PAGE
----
I used to choose a seat closest to the doors, in the single cubbies to either side of the true passenger compartments.
“Why do you sit here all alone? It’s dangerous for a single girl.”
I had never thought of it as dangerous before the question. I enjoyed the nods and light conversation with strangers. Many of them dressed roughly, carrying bikes, or oversized backpacks.
I remember one early morning two backpacking couples joined me in the cramped space. The men sat on the ground closest to the sliding doors. I moved my backpack to make room for the two women, tired and clearly already stressed. They didn’t speak Dutch or French or even German, but their chitchat was earnest and careful.
One man wished me well on my journey in English, nodding at my bag as proof I was a kind of comrade, before departing.
The contrast from those small cubbies to the larger passenger compartments with row after row of benches is striking. Few words are ever spoken. Everyone keeps their heads bowed, their minds busy on themselves, appearing to ignore everyone else on the commute. Even so, with the clatter of the train, the call of the ticket master, and the shuffle of shoes, there is a strange companionship.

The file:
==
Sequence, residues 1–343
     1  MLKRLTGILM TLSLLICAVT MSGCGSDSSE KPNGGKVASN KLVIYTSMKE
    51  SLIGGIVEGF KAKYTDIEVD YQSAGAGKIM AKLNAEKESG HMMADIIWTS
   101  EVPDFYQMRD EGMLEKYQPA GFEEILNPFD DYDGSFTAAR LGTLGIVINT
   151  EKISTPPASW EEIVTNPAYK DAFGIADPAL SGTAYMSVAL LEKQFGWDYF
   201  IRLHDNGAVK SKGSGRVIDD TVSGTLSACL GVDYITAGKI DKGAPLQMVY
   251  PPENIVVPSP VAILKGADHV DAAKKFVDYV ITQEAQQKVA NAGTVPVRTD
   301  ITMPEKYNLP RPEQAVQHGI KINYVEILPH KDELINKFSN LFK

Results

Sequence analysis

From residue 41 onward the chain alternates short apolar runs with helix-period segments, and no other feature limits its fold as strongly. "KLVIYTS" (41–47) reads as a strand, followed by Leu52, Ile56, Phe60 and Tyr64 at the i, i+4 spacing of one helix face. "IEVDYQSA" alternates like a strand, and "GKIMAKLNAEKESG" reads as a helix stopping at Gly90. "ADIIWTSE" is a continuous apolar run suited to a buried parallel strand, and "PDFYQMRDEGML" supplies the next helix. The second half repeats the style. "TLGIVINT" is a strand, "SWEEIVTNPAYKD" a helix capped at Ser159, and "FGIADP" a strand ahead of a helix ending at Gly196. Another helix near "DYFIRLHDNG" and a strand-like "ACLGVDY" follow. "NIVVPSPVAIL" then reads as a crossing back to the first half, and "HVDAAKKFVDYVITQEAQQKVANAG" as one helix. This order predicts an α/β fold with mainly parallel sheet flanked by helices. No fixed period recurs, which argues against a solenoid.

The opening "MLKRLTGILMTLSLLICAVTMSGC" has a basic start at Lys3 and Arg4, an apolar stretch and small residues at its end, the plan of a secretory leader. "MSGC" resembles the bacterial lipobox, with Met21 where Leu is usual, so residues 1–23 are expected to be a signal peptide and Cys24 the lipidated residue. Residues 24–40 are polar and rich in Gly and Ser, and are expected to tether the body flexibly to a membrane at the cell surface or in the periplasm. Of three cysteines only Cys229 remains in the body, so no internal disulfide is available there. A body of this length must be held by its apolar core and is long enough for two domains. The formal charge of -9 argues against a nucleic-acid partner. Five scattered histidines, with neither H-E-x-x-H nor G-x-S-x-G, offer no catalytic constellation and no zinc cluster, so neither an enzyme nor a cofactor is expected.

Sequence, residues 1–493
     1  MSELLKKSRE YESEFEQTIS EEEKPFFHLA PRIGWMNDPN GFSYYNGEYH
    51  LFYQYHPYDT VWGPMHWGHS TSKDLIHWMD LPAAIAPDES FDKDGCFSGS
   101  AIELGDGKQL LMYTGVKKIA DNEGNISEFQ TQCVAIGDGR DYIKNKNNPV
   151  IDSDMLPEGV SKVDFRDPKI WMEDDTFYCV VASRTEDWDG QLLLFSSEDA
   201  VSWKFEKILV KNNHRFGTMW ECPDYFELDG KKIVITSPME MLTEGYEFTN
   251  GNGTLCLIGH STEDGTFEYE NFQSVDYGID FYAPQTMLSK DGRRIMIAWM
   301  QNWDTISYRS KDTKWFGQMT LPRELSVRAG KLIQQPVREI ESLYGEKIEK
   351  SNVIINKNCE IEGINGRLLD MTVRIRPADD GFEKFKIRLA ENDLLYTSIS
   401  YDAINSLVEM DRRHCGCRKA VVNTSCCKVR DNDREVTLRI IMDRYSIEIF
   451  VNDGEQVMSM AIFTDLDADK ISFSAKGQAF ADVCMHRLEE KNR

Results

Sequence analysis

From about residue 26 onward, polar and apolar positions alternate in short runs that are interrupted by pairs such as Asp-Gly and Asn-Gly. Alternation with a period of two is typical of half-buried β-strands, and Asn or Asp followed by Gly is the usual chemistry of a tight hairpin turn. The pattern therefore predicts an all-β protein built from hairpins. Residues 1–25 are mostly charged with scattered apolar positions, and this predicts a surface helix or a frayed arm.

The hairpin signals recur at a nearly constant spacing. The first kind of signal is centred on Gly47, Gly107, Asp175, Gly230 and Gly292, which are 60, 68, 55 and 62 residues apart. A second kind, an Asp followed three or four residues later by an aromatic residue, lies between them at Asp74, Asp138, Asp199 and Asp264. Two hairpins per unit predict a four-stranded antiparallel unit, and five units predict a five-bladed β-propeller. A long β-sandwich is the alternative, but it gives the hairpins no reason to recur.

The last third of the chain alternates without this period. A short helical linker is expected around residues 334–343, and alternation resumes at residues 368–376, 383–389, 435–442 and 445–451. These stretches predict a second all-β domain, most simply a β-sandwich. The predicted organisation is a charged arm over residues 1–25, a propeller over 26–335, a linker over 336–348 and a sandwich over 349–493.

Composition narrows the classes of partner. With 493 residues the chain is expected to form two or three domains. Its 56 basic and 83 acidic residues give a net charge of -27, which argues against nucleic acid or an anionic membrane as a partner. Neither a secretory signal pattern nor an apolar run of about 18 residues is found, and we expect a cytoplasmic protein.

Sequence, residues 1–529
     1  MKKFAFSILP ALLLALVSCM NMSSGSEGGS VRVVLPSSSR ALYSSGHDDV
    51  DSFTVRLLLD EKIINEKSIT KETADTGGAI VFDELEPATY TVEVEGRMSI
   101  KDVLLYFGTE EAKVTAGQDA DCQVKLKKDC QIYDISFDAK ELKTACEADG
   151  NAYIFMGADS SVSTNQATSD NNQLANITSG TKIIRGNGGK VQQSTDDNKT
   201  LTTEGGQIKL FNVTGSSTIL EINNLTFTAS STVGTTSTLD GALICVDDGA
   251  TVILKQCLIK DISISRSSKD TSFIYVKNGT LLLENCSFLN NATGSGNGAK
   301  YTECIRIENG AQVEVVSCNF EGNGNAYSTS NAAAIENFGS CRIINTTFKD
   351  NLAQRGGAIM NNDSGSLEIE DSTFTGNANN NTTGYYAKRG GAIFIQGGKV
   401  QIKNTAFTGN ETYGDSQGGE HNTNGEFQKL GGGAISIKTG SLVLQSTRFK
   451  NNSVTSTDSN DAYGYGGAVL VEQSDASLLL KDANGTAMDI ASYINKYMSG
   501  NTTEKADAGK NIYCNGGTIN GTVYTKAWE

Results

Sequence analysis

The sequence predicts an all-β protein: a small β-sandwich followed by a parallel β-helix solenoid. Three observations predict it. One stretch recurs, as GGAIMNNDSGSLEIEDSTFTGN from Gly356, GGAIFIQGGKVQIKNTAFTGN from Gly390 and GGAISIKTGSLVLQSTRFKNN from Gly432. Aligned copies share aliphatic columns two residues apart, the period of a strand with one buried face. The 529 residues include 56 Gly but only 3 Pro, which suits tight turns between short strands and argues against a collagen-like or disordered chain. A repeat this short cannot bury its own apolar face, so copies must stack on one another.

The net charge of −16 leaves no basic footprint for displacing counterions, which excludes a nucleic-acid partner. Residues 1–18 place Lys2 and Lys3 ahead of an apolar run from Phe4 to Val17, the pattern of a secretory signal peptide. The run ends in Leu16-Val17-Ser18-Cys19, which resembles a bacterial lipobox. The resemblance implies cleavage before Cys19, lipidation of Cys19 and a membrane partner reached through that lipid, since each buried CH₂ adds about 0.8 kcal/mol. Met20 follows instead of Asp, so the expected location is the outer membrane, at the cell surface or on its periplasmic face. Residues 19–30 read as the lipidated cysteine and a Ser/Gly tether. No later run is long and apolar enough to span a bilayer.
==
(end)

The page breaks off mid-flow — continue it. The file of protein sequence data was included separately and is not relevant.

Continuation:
I have spent quite a few hours waiting on train platforms. In the early morning, or late in the evening, I have found them to hold a strange peace.
Everyone has somewhere, and nowhere to go. Everyone is expectant, yet bored. Isn’t that just like life can be?
I would finally reach my destination in the shadows of night. Night grows and shrinks things. It hides and reveals. It is a different world than daylight, and many people fear it. But I don’t. I know that is only because I have been kept safe. I am blessed.
Night has always been my refuge. Not a time of hiding, but a time of quiet. A time when others retreat, leaving the streets almost empty. The dirt of the day is pushed to the sides, and lays waiting for the morning to come. It’s hidden in the shadows, but it still whispers to the world all the stories it holds. Every cigarette butt, every discarded coffee cup that missed the trash can. Even the caked on muck, scraped from boots at the end of the day. It will all tell you a story, if you only stop and listen.
©2021 Mary Grace van der Kroef